On 10 June 1940, Italy entered the Second World War at the side of Germany. During the course of the War, Great Britain and their allies captured in Ethiopia and North Africa approximately 400,000 Italian troops, who were sent to POW camps all over the world, including Australia.
Between 1941 and 1945, Australia received custody of 18,420 Italian POWs. Then, after Italy signed an armistice with the Allies in September 1943, the Australian authorities took between 13,000 and 15,000 Italian prisoners out of the POW camps and put them to work.
Farmers and other primary producers were required to provide food and keep, plus ₤1 a week for each POWs (significantly less than what Australian labourers were been paid). The prisoners only received about one shilling a day for their work, while the government retained almost two thirds of the weekly pound as compensation for providing medical services and clothing.
In 1945, when war in Europe was over and Italy had been on the side of the allies for over for one and a half years, the Australian government, instead of returning the Italian prisoners to their families, kept them working in Australia for another one to two years. In fact, requests were sent to British authorities in India to send more Italian POWs to Australia.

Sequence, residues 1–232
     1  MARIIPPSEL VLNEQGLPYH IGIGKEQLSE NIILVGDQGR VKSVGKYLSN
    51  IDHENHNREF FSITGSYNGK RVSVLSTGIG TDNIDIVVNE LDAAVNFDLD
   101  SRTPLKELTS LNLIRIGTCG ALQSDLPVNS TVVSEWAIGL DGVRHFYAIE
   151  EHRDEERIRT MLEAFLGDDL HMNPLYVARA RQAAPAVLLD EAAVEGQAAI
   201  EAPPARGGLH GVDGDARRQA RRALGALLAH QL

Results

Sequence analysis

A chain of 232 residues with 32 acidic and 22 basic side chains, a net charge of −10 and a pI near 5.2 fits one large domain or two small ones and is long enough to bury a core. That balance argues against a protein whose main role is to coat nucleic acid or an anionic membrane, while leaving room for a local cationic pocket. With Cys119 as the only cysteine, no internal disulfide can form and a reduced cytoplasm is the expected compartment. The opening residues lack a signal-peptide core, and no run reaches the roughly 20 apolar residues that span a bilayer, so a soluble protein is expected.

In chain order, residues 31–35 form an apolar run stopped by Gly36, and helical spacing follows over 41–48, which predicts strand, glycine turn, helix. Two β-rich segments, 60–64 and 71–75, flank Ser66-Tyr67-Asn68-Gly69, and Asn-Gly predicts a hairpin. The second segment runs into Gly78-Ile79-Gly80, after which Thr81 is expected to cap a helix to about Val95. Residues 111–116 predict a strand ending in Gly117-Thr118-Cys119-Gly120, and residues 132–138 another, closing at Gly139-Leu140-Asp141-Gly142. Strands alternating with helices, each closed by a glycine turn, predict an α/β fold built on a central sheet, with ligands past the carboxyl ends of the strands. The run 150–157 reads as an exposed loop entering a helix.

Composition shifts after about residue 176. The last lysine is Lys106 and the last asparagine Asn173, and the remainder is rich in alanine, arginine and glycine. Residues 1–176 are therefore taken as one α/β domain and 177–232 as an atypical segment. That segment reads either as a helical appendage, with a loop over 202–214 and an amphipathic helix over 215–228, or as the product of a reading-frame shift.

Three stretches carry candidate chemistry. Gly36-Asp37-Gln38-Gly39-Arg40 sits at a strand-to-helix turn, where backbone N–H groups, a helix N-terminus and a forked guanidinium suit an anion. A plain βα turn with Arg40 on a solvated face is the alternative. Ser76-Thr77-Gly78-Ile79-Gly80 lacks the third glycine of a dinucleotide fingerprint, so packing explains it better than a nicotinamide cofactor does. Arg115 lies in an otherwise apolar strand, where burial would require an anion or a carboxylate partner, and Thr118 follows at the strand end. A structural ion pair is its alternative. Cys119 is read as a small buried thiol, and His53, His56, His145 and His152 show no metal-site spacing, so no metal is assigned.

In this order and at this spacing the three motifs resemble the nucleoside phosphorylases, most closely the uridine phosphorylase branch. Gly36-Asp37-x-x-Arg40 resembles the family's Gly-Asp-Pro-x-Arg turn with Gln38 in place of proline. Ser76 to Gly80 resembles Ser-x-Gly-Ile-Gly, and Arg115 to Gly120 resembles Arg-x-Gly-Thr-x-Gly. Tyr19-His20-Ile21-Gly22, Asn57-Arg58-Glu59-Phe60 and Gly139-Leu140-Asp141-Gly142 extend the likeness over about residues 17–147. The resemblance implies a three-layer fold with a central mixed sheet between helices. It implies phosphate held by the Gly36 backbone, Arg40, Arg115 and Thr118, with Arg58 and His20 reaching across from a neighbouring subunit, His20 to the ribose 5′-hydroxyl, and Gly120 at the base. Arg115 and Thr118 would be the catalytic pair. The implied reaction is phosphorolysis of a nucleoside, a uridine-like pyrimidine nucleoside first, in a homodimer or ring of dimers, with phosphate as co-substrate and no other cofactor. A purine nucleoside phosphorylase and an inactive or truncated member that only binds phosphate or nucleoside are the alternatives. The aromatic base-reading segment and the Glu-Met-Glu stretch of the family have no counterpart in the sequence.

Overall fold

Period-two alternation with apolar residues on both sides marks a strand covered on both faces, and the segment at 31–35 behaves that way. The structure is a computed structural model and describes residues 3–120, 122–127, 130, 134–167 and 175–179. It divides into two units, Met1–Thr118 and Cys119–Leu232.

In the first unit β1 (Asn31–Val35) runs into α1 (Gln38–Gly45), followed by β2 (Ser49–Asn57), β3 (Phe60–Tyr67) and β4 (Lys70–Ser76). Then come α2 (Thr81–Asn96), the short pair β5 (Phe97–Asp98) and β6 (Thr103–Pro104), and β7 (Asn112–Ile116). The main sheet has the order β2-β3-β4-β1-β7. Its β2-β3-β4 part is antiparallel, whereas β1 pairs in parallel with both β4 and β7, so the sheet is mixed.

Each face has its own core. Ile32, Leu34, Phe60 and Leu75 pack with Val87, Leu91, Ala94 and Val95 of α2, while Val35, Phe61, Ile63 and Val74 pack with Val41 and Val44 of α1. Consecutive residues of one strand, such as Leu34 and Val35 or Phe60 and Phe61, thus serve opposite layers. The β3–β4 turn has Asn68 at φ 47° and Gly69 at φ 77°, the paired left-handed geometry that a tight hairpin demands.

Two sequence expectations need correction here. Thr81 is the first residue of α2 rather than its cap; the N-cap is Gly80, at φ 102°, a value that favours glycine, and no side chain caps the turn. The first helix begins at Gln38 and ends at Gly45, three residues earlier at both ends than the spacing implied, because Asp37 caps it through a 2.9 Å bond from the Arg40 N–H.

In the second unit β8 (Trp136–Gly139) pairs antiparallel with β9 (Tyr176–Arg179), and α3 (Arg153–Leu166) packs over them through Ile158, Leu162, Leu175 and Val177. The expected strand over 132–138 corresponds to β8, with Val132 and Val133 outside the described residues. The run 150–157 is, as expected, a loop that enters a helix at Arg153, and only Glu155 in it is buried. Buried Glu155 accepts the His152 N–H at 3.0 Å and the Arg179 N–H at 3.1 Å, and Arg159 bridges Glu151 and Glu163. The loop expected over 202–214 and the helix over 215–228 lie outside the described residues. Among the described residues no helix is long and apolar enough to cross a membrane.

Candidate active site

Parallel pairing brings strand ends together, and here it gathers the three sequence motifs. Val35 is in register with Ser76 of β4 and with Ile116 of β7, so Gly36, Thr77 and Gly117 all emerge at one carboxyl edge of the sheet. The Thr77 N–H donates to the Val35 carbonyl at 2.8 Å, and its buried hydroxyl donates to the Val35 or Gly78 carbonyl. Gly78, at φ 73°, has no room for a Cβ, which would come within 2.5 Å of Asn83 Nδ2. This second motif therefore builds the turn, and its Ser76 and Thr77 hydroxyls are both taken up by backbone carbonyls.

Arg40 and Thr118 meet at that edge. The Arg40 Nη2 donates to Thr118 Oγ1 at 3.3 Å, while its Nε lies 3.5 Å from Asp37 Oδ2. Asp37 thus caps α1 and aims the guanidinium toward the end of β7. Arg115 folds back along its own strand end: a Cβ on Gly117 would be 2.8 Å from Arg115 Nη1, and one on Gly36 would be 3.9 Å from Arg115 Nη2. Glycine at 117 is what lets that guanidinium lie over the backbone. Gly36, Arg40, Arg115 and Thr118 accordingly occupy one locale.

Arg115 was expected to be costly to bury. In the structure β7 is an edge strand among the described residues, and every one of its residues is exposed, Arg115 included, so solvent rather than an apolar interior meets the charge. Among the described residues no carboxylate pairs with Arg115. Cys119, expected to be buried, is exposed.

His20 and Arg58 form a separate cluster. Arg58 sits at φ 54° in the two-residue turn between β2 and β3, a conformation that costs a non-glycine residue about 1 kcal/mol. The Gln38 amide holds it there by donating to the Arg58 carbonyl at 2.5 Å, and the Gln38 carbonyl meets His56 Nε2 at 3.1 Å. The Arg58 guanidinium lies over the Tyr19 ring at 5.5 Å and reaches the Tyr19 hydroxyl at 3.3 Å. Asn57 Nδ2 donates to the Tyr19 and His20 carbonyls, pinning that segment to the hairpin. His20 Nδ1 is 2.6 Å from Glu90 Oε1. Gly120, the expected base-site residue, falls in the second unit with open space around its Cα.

Finally, mostly in 1946 and 1947, the Italian POWs were repatriated to Italy. Then, during the following couple of years, perhaps 10% of them returned to Australia as migrants.
The father of a friend of mine, here in Canberra, was one of them. He had fallen in love with an Australian young woman (my friend’s mother) and came back to Australia to marry her. Actually, after publishing this article, I discovered that my friend escaped to marry her love, after which he surrendered to the Australian authorities to be repatriated. Then, as soon as he was back in Italy, he applied to migrate to Australia.
When I heard my friend’s story, as the incurable romantic I am, I searched the Internet to find out whether many former Italian POWs had returned to Australia for love.
I couldn’t find almost anything. It is not even clear how many came back as migrants. That’s when I had the crazy idea of taking a PhD to research and tell some of the stories of those men. Who were they? What motivated them to come back to Australia?
Perhaps my idea was not completely crazy after all, because the University of Canberra agreed with me. Since December 2012, I’m a student again.
These stories need to be told. That part of our history has been badly neglected. The 15,000 Italian POWs who worked in Australian rural communities, with their hard work and moral values, made many Australian realise that the Italians were more than just bloody Dagoes only wishing to lazy in the sun.
The monograph I loved an Italian prisoner of war tells the story of Domenico Camarda, and the article From Tobruk to Clare: the experiences of the Italian prisoner of war Luigi Bortolotti 1941-1946 tells another one of those stories. But what about the other 18,418 Italian POWs? Are they going to disappear into oblivion? Not all of them, if I can help it.
The purpose of this blog is to let me describe some of the work I am doing for my PhD, but also to tell many snippets of information of which few people are probably aware.
The background image of this blog is a picture of the landscape around Cowra, the site of the largest POW camp in Australia.